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Missouri Veteran's Daughter Thora Kron Dies At Age 89

Kathryn Jorgensen

- (January 2007) DONIPHAN, Mo. - Thora McCauley Kron, the daughter of a Confederate veteran, died in a local nursing home Dec. 10 at age 89.

She was a retired registered nurse, author of Nursing Team Leadership, and a pilot. Phyllis McCauley of Waterloo, Ill., the great-granddaughter of Kron's father, says Kron was "a very smart lady."

It is through hearing stories from Kron, her great-aunt by half blood, that McCauley can share some of the family lore about veteran James Robert McCauley, who was known as J.R. Having an interest in genealogy helps, as Phyllis McCauley sets a reporter straight on the family line - she's descended from J.R.'s first wife, while Thora was his child by his second wife.

Thora did not remember him. Her mother was a young wife, a couple years younger than his youngest child, and they were divorced when Thora was a baby.

Thora is survived by her husband Edward. Her ashes will be buried with her family in Minnesota later in the year.

James Robert McCauley's 1936 obituary in the Doniphan Republican said he was believed to be Ripley County's last Confederate veteran and that he took part in all of Gen. Sterling Price's battles.

His great-granddaughter doesn't know J.R.'s regiment. She knows he was born in Benton County, Tennessee. The family story is that he lived on a farm on the Arkansas/Missouri border and went north to enlist in Missouri.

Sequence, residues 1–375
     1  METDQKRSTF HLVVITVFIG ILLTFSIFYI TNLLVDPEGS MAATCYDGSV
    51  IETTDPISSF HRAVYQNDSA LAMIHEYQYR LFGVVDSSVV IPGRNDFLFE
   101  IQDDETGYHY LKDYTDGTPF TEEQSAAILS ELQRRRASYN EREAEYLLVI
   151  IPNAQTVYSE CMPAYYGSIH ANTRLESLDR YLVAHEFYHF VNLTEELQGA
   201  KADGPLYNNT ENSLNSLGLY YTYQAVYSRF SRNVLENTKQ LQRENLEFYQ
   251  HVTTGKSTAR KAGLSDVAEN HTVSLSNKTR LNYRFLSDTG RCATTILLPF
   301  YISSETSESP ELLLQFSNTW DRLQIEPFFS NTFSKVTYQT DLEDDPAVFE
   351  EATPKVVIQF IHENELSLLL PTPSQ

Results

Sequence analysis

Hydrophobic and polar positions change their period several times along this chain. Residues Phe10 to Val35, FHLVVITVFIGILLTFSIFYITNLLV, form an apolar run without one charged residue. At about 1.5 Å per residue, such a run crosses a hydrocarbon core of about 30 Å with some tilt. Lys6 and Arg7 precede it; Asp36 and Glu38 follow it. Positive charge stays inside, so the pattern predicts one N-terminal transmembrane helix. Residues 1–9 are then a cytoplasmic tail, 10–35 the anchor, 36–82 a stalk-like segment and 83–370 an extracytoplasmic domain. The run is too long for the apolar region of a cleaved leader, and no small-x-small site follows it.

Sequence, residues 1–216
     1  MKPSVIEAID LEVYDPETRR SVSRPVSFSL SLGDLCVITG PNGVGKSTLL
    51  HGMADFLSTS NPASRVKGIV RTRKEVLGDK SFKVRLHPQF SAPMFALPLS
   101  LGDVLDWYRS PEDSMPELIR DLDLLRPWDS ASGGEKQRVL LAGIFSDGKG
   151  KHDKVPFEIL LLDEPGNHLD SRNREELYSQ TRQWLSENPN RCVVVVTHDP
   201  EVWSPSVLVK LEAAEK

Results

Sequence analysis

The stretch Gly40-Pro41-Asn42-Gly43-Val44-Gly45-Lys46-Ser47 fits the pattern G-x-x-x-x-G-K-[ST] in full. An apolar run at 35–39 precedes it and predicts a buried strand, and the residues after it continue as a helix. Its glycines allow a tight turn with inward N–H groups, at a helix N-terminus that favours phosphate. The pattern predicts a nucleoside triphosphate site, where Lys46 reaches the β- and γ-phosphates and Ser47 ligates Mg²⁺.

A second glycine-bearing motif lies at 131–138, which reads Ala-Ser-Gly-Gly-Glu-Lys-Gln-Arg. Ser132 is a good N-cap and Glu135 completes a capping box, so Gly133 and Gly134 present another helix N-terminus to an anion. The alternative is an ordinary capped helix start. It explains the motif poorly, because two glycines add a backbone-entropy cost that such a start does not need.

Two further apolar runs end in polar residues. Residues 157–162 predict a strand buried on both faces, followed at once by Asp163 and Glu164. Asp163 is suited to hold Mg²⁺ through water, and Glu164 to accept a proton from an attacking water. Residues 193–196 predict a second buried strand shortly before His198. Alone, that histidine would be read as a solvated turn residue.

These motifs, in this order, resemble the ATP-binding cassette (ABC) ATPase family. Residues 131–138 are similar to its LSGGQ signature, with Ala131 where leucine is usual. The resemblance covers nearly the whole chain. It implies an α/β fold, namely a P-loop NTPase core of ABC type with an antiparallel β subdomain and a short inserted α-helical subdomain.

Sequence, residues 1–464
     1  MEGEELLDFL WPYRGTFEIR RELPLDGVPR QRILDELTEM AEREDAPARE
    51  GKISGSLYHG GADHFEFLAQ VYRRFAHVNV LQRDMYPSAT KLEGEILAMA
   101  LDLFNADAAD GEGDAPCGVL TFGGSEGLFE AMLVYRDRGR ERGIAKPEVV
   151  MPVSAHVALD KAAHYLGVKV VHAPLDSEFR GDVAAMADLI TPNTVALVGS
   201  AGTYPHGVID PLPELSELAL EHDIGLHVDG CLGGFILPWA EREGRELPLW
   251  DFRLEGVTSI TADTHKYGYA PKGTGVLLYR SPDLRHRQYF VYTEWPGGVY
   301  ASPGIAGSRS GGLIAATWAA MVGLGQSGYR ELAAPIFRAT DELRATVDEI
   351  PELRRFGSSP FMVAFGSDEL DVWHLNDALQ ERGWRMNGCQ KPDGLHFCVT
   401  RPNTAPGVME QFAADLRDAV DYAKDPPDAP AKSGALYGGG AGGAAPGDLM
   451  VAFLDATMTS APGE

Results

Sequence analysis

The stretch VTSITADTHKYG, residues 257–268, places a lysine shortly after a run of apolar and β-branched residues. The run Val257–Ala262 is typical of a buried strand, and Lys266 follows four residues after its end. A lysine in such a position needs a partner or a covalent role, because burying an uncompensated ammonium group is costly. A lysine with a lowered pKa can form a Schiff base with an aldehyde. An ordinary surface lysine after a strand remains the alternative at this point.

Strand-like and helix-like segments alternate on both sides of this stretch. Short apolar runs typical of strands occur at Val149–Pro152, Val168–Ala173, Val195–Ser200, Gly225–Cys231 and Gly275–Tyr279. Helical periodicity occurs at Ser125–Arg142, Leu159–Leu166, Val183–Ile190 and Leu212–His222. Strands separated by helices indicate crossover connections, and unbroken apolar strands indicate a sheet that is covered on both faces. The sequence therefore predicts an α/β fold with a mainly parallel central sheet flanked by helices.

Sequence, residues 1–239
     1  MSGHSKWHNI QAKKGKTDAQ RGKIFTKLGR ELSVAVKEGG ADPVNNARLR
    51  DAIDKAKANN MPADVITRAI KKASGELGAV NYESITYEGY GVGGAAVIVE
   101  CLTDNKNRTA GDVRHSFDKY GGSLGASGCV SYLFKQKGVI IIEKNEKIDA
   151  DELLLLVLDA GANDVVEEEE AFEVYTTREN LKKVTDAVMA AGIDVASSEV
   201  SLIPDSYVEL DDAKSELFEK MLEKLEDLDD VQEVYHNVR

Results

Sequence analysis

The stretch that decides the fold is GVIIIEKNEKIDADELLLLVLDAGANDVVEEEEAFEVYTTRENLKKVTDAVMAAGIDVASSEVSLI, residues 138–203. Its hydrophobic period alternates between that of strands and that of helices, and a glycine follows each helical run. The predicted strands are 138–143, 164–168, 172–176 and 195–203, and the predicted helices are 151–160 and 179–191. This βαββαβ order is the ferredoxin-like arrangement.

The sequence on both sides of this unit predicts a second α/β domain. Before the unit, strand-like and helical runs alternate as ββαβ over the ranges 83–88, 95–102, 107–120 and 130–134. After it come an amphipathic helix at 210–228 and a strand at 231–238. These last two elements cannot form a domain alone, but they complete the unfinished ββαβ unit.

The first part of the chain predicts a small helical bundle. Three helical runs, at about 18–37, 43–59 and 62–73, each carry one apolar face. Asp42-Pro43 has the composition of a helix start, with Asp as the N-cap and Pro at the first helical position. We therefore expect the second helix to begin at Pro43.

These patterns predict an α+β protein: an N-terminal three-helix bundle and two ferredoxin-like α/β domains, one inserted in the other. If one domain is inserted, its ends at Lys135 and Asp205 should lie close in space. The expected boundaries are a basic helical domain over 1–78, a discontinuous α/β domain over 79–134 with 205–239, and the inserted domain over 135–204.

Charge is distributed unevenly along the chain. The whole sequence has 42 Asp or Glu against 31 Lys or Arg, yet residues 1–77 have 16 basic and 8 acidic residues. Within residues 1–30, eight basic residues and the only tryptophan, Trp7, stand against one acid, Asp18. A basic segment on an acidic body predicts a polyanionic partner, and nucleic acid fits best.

His brothers George and William also enlisted. Another family story is that J.R. came home after the war with George thrown across a horse, so emaciated that his cheekbones were protruding through his cheeks.

Phyllis McCauley says that feelings were so intense after the war and the burning of Doniphan that nobody talked about it for some 30 years. She understands that J.R. did talk within the family and told about the Battle of Pilot Knob, Mo.

J.R. and a Confederate veteran friend would cross the street rather than have to speak to Union veteran Ben Johnson who wore his uniform coat around town.

J.R. was buried in Towles Cemetery in a rural area south of Doniphan. The family placed an obelisk on his grave. It deteriorated and a grandson replaced it in the 1970s. The original marker said "J.R." and by then no one could remember his first name, so the newer stone mistakenly says "John" instead of "James."

The Sons of Confederate Veterans headquarters sent Phyllis McCauley contact information for some camps near her to help get a marker with J.R.'s correct name and recognition of his Confederate service.

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